Find the best fabric for your handkerchief.
Ready to sport a hanky but unsure what it should be made of? Whether you’re shopping for a handkerchief or you’re skilled enough to make your own, you’ll want to tackle the project by learning more about fabric first. Luckily, we’ve gathered everything you need to know right here for you so you can decide what the best fabric is for your handkerchief. You’re welcome.
In truth, there are several fabrics you can use to make a handkerchief, but in our opinion, cotton is the most adapted.
Why? Well, because it’s:
- Most functional/absorbent
- Easy to care for
That being said, there are different weaves and different qualities of cotton. Watch out for lower quality cotton as it won’t be as durable. Here are the different types of cotton you’ll find out there and some info on each so you can better understand why one type might suit you better.
Hankies Made Out of Organic Cotton Sateen
Made from quality fibres, organic cotton sateen is most durable and boasts a shiny finish. Soft to the touch, it is very lightweight in single ply and agreeably thick in a two-ply hanky. Organic cotton sateen can be found in most countries in a limited number of hues, and very few cool patterns (unless custom printed). On the bright side, if you like to keep things simple, you can usually find decent unbleached, undyed cotton sateen at a reasonable rate—although it will always set you back more than cheaper cotton sateen of a lesser quality.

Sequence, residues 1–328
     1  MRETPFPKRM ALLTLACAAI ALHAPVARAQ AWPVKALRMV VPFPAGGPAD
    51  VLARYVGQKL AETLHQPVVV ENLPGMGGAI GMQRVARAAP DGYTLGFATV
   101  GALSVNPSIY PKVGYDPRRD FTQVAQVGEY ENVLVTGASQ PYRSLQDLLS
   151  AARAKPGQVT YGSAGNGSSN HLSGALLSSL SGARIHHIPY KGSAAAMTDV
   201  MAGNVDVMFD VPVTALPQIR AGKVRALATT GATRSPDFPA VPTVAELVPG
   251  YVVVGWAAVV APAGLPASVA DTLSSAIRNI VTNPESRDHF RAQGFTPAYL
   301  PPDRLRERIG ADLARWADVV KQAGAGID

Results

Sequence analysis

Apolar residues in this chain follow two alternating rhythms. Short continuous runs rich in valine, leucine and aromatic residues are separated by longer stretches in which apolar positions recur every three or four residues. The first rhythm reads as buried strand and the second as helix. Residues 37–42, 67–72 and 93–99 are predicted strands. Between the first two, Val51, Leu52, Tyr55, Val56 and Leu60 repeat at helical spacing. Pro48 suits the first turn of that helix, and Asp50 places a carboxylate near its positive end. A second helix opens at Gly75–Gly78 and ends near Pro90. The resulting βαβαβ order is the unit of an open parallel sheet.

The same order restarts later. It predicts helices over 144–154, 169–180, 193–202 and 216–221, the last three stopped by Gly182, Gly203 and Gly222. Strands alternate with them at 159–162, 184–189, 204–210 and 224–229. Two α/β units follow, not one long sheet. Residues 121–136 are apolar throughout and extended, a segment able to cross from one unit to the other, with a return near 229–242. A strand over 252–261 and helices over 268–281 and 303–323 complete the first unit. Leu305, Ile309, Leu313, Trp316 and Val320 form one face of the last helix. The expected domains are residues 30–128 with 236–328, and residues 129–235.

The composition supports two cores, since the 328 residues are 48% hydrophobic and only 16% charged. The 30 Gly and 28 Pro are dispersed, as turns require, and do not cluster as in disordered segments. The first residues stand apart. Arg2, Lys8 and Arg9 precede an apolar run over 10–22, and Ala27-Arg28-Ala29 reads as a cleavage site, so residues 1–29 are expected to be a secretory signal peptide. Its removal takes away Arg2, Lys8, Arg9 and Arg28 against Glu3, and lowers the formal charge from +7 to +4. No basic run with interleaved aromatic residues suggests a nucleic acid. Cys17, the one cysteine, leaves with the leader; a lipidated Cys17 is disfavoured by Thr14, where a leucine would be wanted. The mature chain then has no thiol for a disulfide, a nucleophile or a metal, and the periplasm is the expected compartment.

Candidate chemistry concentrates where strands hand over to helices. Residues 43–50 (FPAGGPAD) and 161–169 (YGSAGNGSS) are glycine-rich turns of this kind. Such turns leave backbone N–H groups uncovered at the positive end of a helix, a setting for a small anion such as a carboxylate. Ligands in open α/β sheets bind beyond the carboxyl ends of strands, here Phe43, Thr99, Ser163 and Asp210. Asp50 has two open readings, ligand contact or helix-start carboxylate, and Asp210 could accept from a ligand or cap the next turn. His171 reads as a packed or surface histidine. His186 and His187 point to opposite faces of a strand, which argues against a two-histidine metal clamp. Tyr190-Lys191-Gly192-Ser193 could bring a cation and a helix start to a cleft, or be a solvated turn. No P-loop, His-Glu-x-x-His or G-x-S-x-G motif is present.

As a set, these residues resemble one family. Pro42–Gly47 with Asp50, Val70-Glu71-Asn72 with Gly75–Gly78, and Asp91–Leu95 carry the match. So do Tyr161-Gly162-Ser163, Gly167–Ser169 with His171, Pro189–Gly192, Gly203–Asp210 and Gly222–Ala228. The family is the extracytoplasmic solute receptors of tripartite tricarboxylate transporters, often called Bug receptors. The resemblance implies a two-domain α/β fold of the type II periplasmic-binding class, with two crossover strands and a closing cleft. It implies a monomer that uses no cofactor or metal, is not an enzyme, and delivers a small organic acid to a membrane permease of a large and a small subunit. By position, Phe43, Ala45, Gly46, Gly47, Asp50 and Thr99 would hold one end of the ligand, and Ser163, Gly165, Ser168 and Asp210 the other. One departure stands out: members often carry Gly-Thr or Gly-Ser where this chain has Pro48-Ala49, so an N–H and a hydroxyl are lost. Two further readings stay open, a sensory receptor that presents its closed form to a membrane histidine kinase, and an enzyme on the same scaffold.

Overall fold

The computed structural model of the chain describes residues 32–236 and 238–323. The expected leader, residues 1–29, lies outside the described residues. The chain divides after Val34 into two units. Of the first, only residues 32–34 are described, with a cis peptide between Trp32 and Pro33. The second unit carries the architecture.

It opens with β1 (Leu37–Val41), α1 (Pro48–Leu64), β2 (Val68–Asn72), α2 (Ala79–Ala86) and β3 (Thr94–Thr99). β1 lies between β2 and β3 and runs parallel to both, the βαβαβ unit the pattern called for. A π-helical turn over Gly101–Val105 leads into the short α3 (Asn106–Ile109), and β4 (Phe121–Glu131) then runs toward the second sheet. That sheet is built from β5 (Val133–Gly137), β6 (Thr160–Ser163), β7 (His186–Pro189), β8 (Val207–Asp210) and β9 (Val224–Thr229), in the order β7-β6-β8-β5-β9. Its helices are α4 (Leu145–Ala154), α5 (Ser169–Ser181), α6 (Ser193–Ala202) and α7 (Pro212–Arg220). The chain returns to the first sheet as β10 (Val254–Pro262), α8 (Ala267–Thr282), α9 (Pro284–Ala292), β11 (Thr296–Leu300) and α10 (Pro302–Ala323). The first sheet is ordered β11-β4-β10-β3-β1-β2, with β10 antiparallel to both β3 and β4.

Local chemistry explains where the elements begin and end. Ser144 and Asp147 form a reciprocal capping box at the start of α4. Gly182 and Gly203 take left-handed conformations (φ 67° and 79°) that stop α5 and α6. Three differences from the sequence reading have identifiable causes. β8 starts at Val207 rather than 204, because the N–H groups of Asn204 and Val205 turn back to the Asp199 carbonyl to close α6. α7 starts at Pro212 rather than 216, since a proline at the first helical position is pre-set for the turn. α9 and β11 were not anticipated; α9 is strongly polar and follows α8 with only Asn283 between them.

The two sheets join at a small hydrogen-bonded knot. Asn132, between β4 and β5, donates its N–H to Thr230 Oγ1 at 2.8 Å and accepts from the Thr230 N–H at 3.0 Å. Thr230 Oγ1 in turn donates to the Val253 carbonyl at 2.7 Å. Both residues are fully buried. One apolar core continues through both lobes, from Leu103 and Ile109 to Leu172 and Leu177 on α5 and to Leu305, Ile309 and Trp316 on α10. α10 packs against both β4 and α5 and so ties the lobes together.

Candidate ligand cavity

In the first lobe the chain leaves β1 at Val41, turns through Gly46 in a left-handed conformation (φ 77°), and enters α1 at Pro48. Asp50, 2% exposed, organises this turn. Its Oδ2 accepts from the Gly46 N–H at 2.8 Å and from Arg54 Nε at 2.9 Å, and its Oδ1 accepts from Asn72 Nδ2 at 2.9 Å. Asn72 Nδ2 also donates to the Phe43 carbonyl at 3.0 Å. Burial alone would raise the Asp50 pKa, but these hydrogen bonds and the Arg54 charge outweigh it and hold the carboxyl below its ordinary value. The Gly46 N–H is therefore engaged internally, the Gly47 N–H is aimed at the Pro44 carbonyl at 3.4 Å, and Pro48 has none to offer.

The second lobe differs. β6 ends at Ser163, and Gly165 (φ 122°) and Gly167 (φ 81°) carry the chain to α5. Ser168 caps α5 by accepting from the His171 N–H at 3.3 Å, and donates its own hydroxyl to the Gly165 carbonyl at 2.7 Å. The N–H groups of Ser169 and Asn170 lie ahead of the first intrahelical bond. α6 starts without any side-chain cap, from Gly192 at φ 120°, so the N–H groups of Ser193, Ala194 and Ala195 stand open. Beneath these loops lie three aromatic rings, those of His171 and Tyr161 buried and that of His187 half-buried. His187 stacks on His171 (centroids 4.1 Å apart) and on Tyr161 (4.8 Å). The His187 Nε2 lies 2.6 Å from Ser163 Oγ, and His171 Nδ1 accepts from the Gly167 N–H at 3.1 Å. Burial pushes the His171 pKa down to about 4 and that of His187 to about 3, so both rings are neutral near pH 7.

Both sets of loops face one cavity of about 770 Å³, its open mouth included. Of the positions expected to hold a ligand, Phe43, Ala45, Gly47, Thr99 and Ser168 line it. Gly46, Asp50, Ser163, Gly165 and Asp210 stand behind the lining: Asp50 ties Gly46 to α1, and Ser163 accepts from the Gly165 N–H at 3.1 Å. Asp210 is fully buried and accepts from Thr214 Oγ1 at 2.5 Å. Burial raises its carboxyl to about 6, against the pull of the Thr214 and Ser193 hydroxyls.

Cotton Sateen hankies
“Standard” cotton sateen is fairly thick, but loosely woven. It’s not as durable as organic sateen but oh-so soft to the touch. With uncertified cotton, it’s harder to get some info on provenance and weave and hence, harder to predict if the fabric will stand the test of time.
Cotton Lawn Handkerchiefs
Combed cotton lawn sounds precious—and it kinda is! This super finely woven cotton is ultra-durable, thanks to its tight, sturdy weave. On the downside, it’s so incredibly light that it’s almost translucent—so one ply of the fabric wouldn’t give you enough absorption power. Double it up to form a great handkerchief and remember: cotton lawn gets more absorbent with time and use, so blow, wash, reuse as much as you can!
Cotton Poplin Hanky
Poplin is quite sturdy and very finely woven. A little more resistant than most sateens, it’s a little rougher on the skin. The awesome thing about organic cotton poplin is that it exists in a variety of hues—even if organic—and is quite easy to find. Indeed, it’s a popular fabric to make clothing and is used fairly commonly for sewing projects as the straight weave prevents it from skewing as you sew.
Handkerchiefs Made With Cotton Jersey
Cotton Jersey is a little like blowing your nose in your hoody—odd & stretchy—and a little strange because of the different feel between both faces of the fabric—but not unpleasant. Knitted rather than woven, it can be stretched easily. Watch out for cotton blends—jersey isn’t always 100% cotton. We recommend this type of fabric for a comforting hanky—but not necessarily one you’d like to show off… Not unlike your lounging wear!
Again—not the most instinctive fabric for your handkerchief because of its fluffy feel, but we give it extra points for softness. If you’re wondering what flannel feels like—think Christmas pyjamas or movie blanket. Flannel is definitely a cool fabric to try out if you’ve got a mean cold or debilitating allergies. Your irritated nose just might enjoy the extra comfort!